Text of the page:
Epic Games might actually be moving the needle as their ongoing legal battle continues in court regarding the 30% cut; a statement that Epic Games needs to succeed at making to validate their entrance (and prima facie argument) against a 30% cut.
Which, if we’re being straightforward, is strange to watch Epic Games (a studio that many have condemned for anti-consumer behavior within the past year alone) paint themselves as the hero in the ongoing saga for consumers and developers alike.
Strange times we live in.
Yet stranger still, is the idea that it appears that Epic Games has at least brought Apple to take a glance in their own backyard to ensure everything is in order.
Early this morning, Apple announced that they are taking small businesses into account on the App Store; developers that are making under $1 million will only need to pay Apple a 15% cut, instead of the industry-standard 30%. A part of what Apple has dubbed the ‘App Store Small Business Program’ that will launch on January 1, 2021, the lower tariff on the commission has been attributed to the current legal battle that is ensuing between the two companies.
— MacRumors.com (@MacRumors) November 18, 2020
The earnings are analyzed on an annual basis; developers that earn over $1 million in a year can reapply for the lower commission rate in the following year, as long as they don’t exceed the cut-off point.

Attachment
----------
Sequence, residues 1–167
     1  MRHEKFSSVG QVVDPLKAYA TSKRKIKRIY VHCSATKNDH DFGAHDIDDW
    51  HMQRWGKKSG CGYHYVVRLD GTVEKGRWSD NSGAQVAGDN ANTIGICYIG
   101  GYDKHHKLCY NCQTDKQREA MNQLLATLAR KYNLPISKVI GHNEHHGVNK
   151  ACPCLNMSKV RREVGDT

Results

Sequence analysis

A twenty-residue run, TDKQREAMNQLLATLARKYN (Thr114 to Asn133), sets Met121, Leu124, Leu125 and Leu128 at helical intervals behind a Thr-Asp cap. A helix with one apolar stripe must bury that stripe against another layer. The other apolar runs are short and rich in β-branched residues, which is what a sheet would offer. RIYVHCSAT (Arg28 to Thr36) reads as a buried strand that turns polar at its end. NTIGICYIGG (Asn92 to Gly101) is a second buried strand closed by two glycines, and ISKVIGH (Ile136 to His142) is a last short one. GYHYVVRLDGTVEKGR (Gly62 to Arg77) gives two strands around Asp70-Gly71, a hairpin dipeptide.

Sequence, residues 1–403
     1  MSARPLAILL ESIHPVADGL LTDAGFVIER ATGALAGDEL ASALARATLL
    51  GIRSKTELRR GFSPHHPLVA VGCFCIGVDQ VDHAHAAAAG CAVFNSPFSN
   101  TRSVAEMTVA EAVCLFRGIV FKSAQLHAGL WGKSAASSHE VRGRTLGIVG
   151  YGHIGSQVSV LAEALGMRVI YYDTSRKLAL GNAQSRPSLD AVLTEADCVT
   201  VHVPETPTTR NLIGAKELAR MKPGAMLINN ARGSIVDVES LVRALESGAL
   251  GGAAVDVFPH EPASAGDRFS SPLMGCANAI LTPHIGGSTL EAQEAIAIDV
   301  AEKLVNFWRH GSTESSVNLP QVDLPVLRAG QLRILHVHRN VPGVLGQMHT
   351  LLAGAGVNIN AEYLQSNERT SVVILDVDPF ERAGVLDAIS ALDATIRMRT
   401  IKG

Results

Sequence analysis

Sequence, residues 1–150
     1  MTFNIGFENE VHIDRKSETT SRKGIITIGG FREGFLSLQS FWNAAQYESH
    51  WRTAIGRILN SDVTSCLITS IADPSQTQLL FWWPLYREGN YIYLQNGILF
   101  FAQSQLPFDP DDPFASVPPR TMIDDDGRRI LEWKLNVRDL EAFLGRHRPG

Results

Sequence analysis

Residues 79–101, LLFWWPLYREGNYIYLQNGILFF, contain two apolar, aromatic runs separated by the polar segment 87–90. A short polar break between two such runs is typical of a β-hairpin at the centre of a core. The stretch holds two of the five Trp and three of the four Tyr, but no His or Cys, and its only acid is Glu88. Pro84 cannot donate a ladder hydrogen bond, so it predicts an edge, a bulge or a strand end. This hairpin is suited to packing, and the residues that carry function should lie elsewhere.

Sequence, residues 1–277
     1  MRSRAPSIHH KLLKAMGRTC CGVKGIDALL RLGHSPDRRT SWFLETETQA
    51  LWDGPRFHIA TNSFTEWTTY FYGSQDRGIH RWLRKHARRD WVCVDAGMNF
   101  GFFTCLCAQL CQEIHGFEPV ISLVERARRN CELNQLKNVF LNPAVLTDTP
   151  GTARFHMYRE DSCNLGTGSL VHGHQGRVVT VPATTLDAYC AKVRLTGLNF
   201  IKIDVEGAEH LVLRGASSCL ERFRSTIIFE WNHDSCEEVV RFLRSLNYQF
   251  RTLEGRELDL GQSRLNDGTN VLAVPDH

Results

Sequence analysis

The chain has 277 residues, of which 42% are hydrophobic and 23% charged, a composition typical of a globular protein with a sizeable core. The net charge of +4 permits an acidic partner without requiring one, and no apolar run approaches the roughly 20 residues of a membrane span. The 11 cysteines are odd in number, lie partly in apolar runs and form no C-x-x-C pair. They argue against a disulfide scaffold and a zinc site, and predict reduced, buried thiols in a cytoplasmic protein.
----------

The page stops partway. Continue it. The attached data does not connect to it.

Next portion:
Much like tax-brackets in the United States, users are misunderstanding the new program; you won’t suddenly bring home far less if you breach the $1 million, you’ll just be taxed moving forward at a higher rate.
This is a brilliant move from Apple, all things considered: they’re helping smaller developers (whom Epic Games has claimed to be championing in their legal battle) while still using massive corporations to fund the ongoing functionality and maintenance of the platforms that these corporations desperately need. Everyone wins in this move, and it will likely be brought up in the ongoing case between the two multi-billion dollar corporations.
Still, it’s worth noting that Apple wouldn’t have been persuaded to care a bit better for small developers if Epic Games hadn’t challenged them in court; this is a concession, a small moving of the needle that could ripple across the industry in due course that occurred precisely due to pressure from Epic Games.
While Tim Sweeney retweeted the announcement of Apple’s Small Business initiative, he (big surprise) doesn’t believe that it’s enough of a move from Apple.
And let’s them show a giant finger to who claimed the whole time that he was doing this for small devs. Epic isn’t operating a cheap market open to others on their platform (Fortnite in-game upgrades) either. Apple called their bluff.
— Tobias Thierer (@15characterlimi) November 18, 2020
And it’s another instance of Apple breaking its promise to treat all developers equally.
— Tim Sweeney (@TimSweeneyEpic) November 18, 2020
Court-room battles and Epic Games attempts to keep as much money as possible from Fortnite aside, this could be a wide-spread change across the gaming industry for the greater good: indie games are wide-spread and many certainly aren’t experiencing millions in sales annually; cutting them a bit of slack could be a fantastic goodwill gesture.
To think that it’s all stemming from Epic Games is…interesting at the least.
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